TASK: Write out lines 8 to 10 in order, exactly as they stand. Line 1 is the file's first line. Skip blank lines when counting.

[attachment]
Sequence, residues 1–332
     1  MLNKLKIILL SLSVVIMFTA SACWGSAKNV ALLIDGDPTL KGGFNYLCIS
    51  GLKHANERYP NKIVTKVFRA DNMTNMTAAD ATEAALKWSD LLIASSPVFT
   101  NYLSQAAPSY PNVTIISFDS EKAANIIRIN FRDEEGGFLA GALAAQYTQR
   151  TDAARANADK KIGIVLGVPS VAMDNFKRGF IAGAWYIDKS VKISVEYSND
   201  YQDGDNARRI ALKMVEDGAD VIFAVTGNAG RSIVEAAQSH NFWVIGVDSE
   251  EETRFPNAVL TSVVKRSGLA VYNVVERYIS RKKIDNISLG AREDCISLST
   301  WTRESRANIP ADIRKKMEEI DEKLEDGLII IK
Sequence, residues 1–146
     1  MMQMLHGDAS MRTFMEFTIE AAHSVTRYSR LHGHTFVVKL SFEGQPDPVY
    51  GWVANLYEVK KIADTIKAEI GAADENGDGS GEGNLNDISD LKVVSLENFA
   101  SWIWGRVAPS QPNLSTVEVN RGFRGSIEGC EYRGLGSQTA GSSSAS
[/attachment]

   301  WTRESRANIP ADIRKKMEEI DEKLEDGLII IK
Sequence, residues 1–146
     1  MMQMLHGDAS MRTFMEFTIE AAHSVTRYSR LHGHTFVVKL SFEGQPDPVY